The next we don’t love quite as much. It’s a rectangle of sea bass, lolling across a smear of kale puree. There’s a bit of crunch and punch from jamon and toast. What makes it more curious are the slivers of a cow’s milk cheese from Portugal.

Sea bass, pureed greens and a cheese that falls firmly into the ‘itchy mouth cheese’ category. It’s a twirling turn on the flavour thesaurus- and not necessarily one I’d need to repeat.

That is the exact opposite of what comes next. It’s a bonus course, we think, after  we discovered a mutual friend working in the kitchen. It arrives on warmed rocks- a novelty in itself. Layered above, like good things found at the base of a fire is a buttress of smoked rosemary. Over that is a beautifully sweet section of langoustine tail and a tanlge of enoki mushrooms, mysterious as mermaid tresses. Draped over that is a cape of lardo which softly melts. You pick it all up with your finger tips and gobble in one bite. I’m sure cavemen never had it this good.

It’s an alchemic combination. When you eat it the melting pig fat adds a subtle sheen to your lips. It’s served with a miniature martini glass of chilled sake and a hot towel. It is one of the sexiest things I’ve ever eaten. Superb.

From here we head to the dark side- meats and red wine.

Viajante deftly avoids the formulaic paint-by-numbers appropach to meat so often seen in starred places.  Like the traditions of a third or fourth ‘white fish filler course’ we’ve come to expect a presentation of meat + squish + sauce. Or, a  ‘piece of sous vide and seared protein sitting on top of pureed vegetable, with a drizzling of butter heavy jus’

Both of our meat dishes couldn’t be further from that trope.

Venison is like a wander in the forrest, in search of Bambi.  We find her in the centre of a salad, seared and lightly charred amidst jerusalem artichokes, blackberries and mushrooms.

Around the perimeter there are little blobs of creme fraiche which give it a tart and creamy kick along. To drink there’s an obscure Chilean red, which brings as its cargo a strong dump of tannin.

The salad style presentation is also echoed in the next; a charming combination of squab and blushing beetroot. With it are three types of beetroot having a little party. Over the top there’s a dusting of pistachio crumbs. It’s one of the prettiest main courses I’ve had in a long time- bursting with colour, heights and textures. It seems a pity to destroy it with a fork.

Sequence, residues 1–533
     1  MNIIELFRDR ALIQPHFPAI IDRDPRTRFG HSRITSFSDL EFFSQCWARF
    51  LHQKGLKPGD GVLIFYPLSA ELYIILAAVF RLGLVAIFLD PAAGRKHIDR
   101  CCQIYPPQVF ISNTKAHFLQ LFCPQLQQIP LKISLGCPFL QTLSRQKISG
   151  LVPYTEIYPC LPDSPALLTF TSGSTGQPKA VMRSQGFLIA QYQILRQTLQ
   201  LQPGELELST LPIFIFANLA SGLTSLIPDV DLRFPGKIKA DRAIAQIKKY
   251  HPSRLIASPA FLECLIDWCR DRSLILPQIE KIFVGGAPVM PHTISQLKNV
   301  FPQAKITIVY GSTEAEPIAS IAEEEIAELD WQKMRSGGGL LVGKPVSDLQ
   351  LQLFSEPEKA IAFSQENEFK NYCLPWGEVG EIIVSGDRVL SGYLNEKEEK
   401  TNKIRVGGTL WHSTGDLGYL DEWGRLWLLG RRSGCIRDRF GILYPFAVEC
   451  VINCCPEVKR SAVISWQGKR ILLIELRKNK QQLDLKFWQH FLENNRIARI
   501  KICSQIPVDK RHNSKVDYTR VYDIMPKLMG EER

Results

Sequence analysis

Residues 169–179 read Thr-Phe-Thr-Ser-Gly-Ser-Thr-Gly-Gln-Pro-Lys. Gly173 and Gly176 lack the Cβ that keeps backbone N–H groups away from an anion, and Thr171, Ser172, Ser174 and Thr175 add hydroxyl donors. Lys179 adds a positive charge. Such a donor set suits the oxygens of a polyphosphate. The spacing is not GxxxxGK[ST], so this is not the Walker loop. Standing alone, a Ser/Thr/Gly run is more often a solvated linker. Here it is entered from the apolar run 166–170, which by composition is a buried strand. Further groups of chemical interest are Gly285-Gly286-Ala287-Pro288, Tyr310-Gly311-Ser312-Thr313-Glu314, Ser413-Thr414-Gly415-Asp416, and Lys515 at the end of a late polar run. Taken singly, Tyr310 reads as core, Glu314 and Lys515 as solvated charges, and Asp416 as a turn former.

Yet there’s still plenty of fun to be had. A palette cleanser of British sea buckthorn curd and granita is one. Snaking up the side is a toasted slick of meringue. It’s a fun combination of textures- the chewiness of the meringue and the slickness of the curd coupled with the melting freshness of the shaved ice. Meanwhile the sea buckthorn has a good citrus kick and a hint of bitterness. It’s as fresh as a campari and orange on a hot day.

We’re coming to the close of the meal, yet unlike others of similar calibres (Hibiscus…?) it doesn’t feel like we’ve been waterboarded by fat and food. There’s no need to call on the digestive miracle of the seperate dessert stomach- perhaps because of the lightness of flavours and reliance on salad style constructions, there’s still plenty of room at the inn.

Dessert isn’t always my favourite part of the meal- but for my dining companions, The Hungry One, and the Art Director, it’s a constant highlight. Their mutual ability to eat chocolate at any time of the day is constantly entertaining.

So the desserts that arrive firmly falls into the category of things they like. It’s plated on a grey stone, that looks like it’s endured a thumb print from a giant. In the curved centre is a log of hazelnut parfait. Around it are granules of coffee, hazelnut cream and dense chocolate cake. Over the top is a snorting of malt powder.

By this point we’re sated by both food and booze. Considerately there’s a Taiwanese oolong tea to sip, rather than a nip of muscat. The next morning my head is particularly grateful for this fact.

To close there are macchiattos that can hold there own and some delightful petit fours; a doll sized portion of creme catalan flavoured with burnt citrus and vanilla; a squish of clementine jelly and then a white truffle flavoured with cep mushrooms- a cute twist on a truffle/truffle.

It’s the sort of meal that helps you remember why you go out and occasionaly spend serious coin on dinner. It’s made all the more pleasant by the enthusiasm of the floor staff. Our Italian accented waiter had the effervescence of prosecco,  from the very get go we were swept up into the excitement of the experience.

Viajante may not be for everyone. I think the room benefits from an evening visit, when the lights are low. I think it helps if you have a good sense of fun and are willing to throw yourself into the experience, not quite knowing where you’ll end up, but happy to go along for the ride.

But this is the kind of dining I like. And if you’re anything like me, it’s a journey well worth taking.

Viajante
Patriot Square
Bethnal Green
London E2 9NF
+44 (0) 20 7871 0461